This isn't about what kind of skirts are best for you, but: probably the best way to go about this is to just steel yourself one day, go to your favorite retailer, grab a pile of skirts, and try things on until you find what you like that looks good on you (everything, even if you think it's your style or not - you'll be surprised what looks good, or doesn't, once it's on you). (Or Goodwill, if that's your thing - my local Goodwill happens to be awesome for skirts and I've gotten some great, barely worn stuff there). If you don't want to do that out in public (I hate clothes shopping), places like Target and Old Navy and Catherine's do free shipping over a certain total price and free in store returns, so you can have stuff shipped to you, try it on in the comfort of your home, and take back what doesn't work. I figure if stores are going to keep cutting their plus size in store offerings (Target, I'm looking at you), they can pay the shipping for me to do that.
posted by joycehealy at 6:34 AM on February 22, 2015 [1 favorite]


Coming in to second snorkmaiden. Look for great cardigans or twinsets. They can be bought in lots of colors, lots of different weights for different climates, the cardigan can be paired with a crisp collared blouse and pearls for super professional look or with a shell and a funky, statement necklace for something more stylish. Very forgiving with a large bosom and look great with multiple skirts styles, pants or jeans. So easy to dress up or down. Good luck!
posted by pearlybob at 7:20 AM on February 22, 2015


I'm 5'6", which is pretty much average as far as I can tell. I don't consider myself short or tall.
posted by That's Numberwang! at 10:25 AM on February 22, 2015


I'm actually exactly your height, too -- sounds like we're kind of twins in body. I will note that I'm quite long-waisted and that's why fit-and-flare dresses look bad on me; if you're short-waisted they might look good on you, as they do on some here.

I also agree with what phunniemee said about the full skirts; I can't wear them for just the reason she notes. Since it turns out we seem to have quite similar body types, I will note that I can wear pencil skirts and they look good on me; I adore this one from Boden and have it in a couple of different prints; when I wear it, I don't walk out on the street without someone stopping me to say they love my skirt.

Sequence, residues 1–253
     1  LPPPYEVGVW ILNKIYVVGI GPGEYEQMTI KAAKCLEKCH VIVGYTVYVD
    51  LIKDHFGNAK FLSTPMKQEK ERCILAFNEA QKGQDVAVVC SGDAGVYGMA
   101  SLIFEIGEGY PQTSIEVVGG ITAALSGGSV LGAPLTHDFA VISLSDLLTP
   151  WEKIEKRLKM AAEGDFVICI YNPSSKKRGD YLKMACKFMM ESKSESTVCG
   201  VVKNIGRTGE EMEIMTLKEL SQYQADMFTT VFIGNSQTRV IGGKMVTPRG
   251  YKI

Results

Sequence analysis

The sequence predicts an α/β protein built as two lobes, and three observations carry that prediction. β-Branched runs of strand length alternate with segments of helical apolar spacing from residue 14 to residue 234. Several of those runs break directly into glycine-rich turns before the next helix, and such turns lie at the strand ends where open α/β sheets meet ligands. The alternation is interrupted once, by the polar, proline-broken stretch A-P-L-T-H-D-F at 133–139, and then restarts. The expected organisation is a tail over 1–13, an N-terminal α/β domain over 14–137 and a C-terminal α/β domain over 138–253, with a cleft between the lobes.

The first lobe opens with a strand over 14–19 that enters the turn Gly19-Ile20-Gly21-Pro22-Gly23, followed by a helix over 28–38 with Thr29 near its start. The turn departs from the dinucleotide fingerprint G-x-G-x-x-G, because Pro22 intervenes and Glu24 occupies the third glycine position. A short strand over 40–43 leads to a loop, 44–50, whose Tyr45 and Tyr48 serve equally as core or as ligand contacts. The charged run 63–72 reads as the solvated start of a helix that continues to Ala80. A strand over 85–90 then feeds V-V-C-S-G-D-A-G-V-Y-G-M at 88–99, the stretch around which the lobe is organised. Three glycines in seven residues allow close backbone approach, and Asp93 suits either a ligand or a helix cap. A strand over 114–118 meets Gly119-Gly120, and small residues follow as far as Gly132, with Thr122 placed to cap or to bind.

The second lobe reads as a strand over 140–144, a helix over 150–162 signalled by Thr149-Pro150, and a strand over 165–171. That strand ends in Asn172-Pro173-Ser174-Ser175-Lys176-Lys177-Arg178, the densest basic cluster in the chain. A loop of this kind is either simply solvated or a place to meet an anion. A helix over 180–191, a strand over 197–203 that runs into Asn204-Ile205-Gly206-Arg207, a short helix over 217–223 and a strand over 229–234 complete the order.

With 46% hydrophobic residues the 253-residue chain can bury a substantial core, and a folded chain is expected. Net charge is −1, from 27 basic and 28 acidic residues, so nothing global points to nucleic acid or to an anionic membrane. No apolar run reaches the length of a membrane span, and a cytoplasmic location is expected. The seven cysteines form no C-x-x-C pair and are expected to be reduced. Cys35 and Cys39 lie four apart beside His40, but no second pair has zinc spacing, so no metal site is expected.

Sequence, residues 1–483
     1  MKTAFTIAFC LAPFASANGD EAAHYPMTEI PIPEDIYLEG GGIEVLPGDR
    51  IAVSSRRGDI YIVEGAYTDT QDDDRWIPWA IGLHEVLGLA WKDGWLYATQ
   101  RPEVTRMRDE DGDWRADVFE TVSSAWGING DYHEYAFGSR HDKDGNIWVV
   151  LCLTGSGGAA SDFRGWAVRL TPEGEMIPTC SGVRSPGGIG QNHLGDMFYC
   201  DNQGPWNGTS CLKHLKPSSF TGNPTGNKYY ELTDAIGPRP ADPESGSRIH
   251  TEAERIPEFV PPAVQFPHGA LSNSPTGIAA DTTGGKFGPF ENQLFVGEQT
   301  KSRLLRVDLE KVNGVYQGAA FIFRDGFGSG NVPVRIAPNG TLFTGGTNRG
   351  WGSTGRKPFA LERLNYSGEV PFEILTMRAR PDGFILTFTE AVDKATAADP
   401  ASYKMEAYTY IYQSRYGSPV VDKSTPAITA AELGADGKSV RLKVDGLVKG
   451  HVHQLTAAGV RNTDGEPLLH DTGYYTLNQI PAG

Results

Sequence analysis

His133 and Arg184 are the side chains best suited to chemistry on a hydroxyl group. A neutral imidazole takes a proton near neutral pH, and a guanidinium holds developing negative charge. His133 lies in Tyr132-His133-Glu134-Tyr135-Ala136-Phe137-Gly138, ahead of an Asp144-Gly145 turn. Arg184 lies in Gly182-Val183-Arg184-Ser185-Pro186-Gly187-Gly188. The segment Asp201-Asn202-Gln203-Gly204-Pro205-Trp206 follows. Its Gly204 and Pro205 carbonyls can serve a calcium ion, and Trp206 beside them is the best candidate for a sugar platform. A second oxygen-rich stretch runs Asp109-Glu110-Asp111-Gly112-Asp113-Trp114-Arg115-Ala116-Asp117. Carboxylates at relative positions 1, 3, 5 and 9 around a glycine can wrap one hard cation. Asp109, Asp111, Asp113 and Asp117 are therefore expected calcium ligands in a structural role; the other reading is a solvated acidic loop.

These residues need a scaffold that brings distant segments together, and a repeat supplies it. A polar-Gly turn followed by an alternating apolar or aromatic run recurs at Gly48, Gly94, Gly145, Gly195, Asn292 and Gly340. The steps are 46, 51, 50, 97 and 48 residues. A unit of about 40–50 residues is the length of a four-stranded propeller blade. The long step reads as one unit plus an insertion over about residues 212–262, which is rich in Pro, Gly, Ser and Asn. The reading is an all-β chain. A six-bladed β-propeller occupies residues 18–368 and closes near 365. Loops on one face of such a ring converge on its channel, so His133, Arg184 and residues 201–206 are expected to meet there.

Feel free to MeMail if you want my dress size and measurements; I don't mind giving them although I'd prefer not to post them publicly.
posted by holborne at 11:18 AM on February 22, 2015


I'm also heavy with an hourglass shape, and recently have been trying to add some non-pants to my wardrobe. Even working with a shopping consultant, I found it frustrating and tiring until I figured out a couple of things. One is that I look better when the top and the skirt have similar color tones; contrast between the top and skirt seem to make my waist look wider and me look shorter. Tucking things into the waistband is as bad with skirts as it is in pants -- the shirt or blouse needs to stay un-tucked. All that is when I'm just wearing a skirt and top.

But if I wear a jacket or longer cardigan, that adds a vertical line and covers up most of my waist and upper hips. I feel less self-conscious about tucking in my tops. I also feel okay about wearing a belt under a jacket or sweater -- and the buckle can add a nice accent.

But the important assumption that I've had to let go of is that dresses are too dressy. That doesn't have to be true. I feel like some dress styles are much more flattering than skirts because the color or print is the same above and below the waists. A narrow belt is fairly manageable with a dress. If I'm beltless and need a little something for the outfit, I can wear a scarf or necklace.

I suggest that when you try on a skirt or dress in a store or at home, wear whatever shoes you'd wear with the garment. Wear flattering hosiery, unless you prefer bare legs. Add accessories or jewelry to give the outfit its best chance of pleasing you. Stand well back from the mirror and look at your entire image from various angles. Even take a picture...a great way of comparing outfits.
posted by wryly at 12:21 PM on February 22, 2015